Because of the lack of approval from his father, Amir finds it necessary to tear down Hassan in order to build himself up. The friendship exemplified in The Kite Runner is very weak because Amir thinks of Hassan as his servant, which explains why he is constantly testing him and does not stand up for him as a true friend would do. Hazaras are not accepted in the Afghan society that Hassan and Amir grew up in, but Amir does not refute the biased and racist culture set out in front of him. Instead, he embraces it.
Even at the susceptible age of twelve, Amir is well aware of the principles of right and wrong and he chooses to do wrong. He chooses to do wrong because he feels he will escape from the struggles Hassan has brought upon him. Hassan gets harassed by his peers, an example of this is when Assef, the local bully, bullies him by saying, “Afghanistan is the land of the Pashtuns. It always has been, always will be. We are the true Afghans, the pure Afghans, not this Flat-Nose here. His people pollute our homeland, our watan.
They dirty our blood….. How can you talk to him, play with him, let him touch you? “. When Hassan is harassed, Amir does nothing. Instead, he almost blurts out that Hassan is nothing but a servant when in fact he spends all of his free time playing like true friends play. Amir wants to be accepted by his peers, peers such as Assef, Wali, and Kamal. He wants to be accepted with such a passion that he chooses to disregard his friend in order to gain approval from these boys. Amir ends up sacrificing his morals for popularity.
Another example of how Amir is a coward and only wants to be accepted by his peers and his father is when he turns his back on Hassan when Hassan is raped. Hassan gets raped by Assef while trying to complete the task of kite running for Amir. Amir witnesses this horrible act and does nothing to stop it. He does not step in to help his friend because he believes that Hassan is sacrificing himself for him. This is a completely selfish thought on Amir’s part because no one should have to bear another persons burden, even if one person is another person’s servant.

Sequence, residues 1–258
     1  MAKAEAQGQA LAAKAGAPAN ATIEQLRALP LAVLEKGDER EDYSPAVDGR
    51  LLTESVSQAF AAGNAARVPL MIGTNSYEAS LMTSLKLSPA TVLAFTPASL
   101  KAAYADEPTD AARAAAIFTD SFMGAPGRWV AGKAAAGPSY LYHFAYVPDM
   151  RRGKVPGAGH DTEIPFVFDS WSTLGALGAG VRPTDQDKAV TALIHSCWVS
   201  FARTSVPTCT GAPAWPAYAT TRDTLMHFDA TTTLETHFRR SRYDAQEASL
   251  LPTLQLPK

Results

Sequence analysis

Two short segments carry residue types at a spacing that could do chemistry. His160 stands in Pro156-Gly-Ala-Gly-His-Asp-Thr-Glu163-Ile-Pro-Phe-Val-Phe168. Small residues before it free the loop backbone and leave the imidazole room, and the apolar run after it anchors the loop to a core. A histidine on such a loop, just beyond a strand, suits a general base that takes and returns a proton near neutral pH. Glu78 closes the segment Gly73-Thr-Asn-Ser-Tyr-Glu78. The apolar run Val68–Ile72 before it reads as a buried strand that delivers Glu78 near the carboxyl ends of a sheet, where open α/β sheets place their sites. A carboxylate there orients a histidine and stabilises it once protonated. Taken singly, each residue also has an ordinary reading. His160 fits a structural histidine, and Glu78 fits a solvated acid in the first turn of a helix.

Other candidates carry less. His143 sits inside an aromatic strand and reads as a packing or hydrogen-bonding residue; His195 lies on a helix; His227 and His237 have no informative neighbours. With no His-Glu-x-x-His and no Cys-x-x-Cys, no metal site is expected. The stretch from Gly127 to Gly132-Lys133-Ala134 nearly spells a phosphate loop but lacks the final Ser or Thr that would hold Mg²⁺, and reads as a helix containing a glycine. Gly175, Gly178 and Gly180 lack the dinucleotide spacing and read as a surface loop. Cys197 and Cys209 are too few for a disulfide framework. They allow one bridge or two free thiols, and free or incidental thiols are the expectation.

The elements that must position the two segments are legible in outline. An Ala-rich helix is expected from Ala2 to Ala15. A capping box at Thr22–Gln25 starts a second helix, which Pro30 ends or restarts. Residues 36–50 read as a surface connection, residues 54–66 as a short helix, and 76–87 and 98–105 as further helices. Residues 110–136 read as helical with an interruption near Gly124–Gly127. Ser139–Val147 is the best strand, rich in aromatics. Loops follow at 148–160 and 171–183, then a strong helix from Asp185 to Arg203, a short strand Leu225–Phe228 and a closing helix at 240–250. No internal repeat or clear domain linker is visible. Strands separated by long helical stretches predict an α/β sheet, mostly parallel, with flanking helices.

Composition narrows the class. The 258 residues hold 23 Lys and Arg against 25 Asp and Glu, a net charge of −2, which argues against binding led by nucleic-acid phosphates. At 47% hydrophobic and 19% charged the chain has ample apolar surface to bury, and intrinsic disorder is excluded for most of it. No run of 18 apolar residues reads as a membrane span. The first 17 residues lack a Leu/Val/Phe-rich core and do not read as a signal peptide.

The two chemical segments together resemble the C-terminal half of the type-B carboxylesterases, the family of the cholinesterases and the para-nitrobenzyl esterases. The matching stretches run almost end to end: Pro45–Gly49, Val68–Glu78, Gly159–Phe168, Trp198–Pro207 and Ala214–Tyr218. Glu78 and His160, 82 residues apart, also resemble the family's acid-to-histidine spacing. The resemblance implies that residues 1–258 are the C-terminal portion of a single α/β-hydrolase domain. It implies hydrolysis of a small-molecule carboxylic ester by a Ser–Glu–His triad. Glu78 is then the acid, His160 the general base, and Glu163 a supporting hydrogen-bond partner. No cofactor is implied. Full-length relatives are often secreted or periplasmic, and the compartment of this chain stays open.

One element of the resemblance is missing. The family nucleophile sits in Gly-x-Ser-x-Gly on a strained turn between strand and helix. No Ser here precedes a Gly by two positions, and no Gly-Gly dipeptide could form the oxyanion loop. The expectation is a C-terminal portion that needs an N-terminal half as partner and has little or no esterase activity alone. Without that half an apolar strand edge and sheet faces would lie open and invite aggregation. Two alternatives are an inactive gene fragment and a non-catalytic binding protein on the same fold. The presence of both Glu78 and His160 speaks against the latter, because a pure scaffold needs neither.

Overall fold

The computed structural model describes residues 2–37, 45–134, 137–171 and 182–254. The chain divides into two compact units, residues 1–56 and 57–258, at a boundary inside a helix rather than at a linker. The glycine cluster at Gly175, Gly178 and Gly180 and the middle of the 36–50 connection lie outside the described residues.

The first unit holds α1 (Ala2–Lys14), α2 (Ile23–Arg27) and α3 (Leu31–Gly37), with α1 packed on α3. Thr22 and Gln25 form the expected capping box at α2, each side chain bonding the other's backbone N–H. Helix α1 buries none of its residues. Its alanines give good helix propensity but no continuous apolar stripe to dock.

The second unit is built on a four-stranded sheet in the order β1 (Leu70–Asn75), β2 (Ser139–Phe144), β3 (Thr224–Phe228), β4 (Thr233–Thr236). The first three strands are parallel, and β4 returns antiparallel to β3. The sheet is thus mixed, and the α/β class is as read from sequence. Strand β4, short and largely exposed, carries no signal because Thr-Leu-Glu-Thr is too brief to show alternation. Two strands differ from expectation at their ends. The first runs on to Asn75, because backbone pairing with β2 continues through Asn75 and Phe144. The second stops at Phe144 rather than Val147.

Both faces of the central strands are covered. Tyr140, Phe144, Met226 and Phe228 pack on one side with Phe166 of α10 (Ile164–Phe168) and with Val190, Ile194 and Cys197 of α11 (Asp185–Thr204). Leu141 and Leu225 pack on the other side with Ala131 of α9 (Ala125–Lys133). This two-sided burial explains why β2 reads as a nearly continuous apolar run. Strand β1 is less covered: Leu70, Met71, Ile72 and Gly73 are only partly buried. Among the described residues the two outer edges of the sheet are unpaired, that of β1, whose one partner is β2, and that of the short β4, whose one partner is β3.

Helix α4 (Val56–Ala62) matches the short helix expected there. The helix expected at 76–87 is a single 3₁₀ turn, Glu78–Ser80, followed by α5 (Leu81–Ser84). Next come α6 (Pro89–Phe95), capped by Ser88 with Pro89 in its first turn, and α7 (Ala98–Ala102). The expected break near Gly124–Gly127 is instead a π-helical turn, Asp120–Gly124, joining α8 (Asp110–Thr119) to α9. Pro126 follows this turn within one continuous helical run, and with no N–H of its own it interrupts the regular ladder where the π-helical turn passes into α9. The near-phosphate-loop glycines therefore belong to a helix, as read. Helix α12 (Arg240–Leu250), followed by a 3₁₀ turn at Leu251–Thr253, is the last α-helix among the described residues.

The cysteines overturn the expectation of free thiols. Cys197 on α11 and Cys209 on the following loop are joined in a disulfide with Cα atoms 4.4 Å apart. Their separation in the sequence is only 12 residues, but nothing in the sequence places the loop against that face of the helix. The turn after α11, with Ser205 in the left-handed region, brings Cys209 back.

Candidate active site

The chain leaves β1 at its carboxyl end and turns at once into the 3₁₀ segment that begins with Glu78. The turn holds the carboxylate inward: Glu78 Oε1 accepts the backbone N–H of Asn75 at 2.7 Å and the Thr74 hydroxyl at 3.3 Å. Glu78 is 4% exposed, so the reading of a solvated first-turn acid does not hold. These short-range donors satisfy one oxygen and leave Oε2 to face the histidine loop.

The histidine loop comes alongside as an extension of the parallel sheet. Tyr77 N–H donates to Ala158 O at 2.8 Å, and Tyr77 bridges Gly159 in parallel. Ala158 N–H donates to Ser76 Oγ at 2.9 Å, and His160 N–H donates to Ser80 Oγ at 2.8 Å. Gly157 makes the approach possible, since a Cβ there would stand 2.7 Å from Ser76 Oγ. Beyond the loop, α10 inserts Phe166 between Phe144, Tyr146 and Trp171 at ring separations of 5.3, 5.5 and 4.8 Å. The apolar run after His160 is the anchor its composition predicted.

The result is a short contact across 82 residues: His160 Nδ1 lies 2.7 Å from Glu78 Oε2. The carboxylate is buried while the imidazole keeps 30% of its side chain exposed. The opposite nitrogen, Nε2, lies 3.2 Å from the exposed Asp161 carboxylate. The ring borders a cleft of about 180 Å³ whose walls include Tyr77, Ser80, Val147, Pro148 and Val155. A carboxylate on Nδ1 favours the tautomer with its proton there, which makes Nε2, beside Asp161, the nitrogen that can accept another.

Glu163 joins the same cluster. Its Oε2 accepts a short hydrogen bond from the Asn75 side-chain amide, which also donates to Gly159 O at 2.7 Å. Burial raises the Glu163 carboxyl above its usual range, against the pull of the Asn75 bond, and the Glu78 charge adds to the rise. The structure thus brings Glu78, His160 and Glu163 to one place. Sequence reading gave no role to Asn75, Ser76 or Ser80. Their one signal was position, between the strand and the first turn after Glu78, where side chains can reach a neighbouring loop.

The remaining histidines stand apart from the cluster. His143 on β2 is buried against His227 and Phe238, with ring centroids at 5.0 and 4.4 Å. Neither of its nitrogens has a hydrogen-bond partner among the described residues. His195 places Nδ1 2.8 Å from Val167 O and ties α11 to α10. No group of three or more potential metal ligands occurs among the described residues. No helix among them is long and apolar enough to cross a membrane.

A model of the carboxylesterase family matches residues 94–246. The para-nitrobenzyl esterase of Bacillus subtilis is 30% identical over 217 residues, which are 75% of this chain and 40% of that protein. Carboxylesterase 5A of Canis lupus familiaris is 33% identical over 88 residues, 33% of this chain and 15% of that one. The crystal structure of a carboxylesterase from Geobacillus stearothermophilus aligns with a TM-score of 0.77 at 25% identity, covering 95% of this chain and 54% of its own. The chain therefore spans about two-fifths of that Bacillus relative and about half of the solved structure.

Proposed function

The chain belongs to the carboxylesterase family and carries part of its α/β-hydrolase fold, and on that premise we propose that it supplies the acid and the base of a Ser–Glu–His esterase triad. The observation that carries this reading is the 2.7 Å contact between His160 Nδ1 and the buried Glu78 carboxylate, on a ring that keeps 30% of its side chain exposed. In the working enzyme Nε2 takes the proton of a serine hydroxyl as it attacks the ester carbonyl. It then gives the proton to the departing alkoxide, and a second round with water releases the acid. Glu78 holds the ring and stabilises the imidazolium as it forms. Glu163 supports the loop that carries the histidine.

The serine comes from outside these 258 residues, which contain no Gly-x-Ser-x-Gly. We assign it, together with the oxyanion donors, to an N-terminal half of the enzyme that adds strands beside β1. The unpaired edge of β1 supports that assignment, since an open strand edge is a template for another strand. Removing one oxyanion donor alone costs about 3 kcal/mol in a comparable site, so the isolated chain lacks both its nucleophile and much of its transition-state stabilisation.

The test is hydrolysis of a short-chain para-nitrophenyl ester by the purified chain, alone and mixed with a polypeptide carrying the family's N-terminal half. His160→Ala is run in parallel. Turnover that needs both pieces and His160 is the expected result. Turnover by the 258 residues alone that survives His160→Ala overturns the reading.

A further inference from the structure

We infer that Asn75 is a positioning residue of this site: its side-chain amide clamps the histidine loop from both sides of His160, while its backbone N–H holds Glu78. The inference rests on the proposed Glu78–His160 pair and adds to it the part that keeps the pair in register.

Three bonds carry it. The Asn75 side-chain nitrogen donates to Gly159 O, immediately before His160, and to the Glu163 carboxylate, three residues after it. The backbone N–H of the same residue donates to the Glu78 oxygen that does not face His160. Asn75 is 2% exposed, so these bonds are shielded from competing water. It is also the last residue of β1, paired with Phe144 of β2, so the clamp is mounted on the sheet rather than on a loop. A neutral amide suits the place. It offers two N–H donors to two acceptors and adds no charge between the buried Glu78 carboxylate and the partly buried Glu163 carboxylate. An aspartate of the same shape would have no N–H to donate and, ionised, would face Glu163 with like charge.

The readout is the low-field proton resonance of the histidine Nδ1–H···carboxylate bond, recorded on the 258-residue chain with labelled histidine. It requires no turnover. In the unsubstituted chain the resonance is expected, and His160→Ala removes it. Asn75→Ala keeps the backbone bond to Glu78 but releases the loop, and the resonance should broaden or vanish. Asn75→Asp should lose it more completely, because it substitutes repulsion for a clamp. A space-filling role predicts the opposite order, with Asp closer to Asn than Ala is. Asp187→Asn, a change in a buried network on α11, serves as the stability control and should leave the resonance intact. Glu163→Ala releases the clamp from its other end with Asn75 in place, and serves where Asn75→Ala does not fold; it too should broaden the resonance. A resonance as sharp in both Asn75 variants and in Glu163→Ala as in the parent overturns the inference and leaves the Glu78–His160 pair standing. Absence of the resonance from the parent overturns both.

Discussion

The choice made by Amir to sacrifice his morals and rationalize his decisions forever haunts him and makes it harder to escape the power of his own guilt. Amir is clearly an emotionally unstable person, but his resentment towards Hassan is deepened because of his own guilt. Amir feels extreme guilt after he watches his friend get raped in an alley. After witnessing this he feels that he can no longer be in the same room as Hassan. “I’d hear Hassan shuffling around the kitchen in the morning, hear the clinking of silverware, the whistle of the teapot.
I’d wait to hear the door shut and only then I would walk down to eat” is an example of how he tries to avoid him. This shows that Amir cannot face his guilt. he knows that he has done something wrong but refuses to confront it and redeem himself and his friendship with Hassan. Amir realizes that he has done a grave dishonor to Hassan. He believed that he was a “monster” that caused Hassan so much trouble. Amir comes to terms with the fact that he is a selfish, immature person, yet instead of accepting that fact and trying to get Hassan’s forgiveness, he once again betrays his friendship.
Because Hassan is a reflection of Amir’s guilt, Amir believes in an elementary manner that if he rids himself of what to him is the symbol of his guilt, he will also be freed of the guilt. This is why he frames Hassan of thievery. This plan to accuse Hassan of thievery ultimately backfires and causes Amir even more personal anguish. Hassan then left and even though Amir felt his absence would free him from the guilt and jealousy, he ends up even more full of guilt.
Amir thinks of Hassan as less worthy human being even though he is jealous of him, this mix of jealousy and resentment leads to a guilt that Amir handles unethically. Amir treats Hassan much like a dog. He believes that he can treat him as roughly as possible, but the animal will be forever loyal. Amir does not believe that he needs to defend Hassan, since Hassan is ultimately there to sacrifice himself for Amir. Amir is jealous of Hassan because of Hassan’s approval earned by Baba, and this causes Amir to search for other ways to expand his ego.
Amir resents Hassan because of the guilt that Amir has caused himself. The choices made by Amir and Hassan defined who they were and who they would become. Amir allows his original thoughts about Hassan, thoughts of loyalty and true friendship, to be tainted because he is weak. Although Amir and Hassan carved their names into a tree, Amir’s character hinders their ability to be best friends and their bond is a far cry from even an equal friendship. While trying to escape the grasps of jealousy and guilt, Amir ultimately falls deeper in the hole he dug himself.